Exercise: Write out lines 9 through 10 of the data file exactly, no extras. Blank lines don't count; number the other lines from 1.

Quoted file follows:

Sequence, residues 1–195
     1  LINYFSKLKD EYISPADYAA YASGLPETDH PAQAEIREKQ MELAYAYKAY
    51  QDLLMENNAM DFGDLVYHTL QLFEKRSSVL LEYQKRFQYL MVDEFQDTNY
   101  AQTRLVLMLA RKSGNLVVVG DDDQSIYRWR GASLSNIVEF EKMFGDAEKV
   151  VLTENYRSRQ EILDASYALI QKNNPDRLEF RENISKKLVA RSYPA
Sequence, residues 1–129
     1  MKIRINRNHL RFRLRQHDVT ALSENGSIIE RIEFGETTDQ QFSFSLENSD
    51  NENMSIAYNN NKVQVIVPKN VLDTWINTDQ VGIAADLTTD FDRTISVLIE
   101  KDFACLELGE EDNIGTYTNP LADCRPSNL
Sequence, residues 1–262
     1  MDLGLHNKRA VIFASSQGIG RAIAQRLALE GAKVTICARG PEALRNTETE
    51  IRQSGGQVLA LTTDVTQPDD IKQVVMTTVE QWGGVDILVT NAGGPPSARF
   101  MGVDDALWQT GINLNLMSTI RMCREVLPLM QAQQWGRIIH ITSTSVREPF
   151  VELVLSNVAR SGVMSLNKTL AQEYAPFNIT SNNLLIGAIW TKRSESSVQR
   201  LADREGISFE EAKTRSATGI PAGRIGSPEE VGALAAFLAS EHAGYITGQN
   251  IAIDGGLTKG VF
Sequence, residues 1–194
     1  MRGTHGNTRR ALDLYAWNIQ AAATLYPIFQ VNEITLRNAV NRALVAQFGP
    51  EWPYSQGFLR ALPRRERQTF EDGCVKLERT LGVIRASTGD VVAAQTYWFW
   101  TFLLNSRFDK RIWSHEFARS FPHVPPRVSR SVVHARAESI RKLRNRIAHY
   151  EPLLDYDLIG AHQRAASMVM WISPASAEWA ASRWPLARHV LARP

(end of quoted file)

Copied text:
   101  KDFACLELGE EDNIGTYTNP LADCRPSNL
Sequence, residues 1–262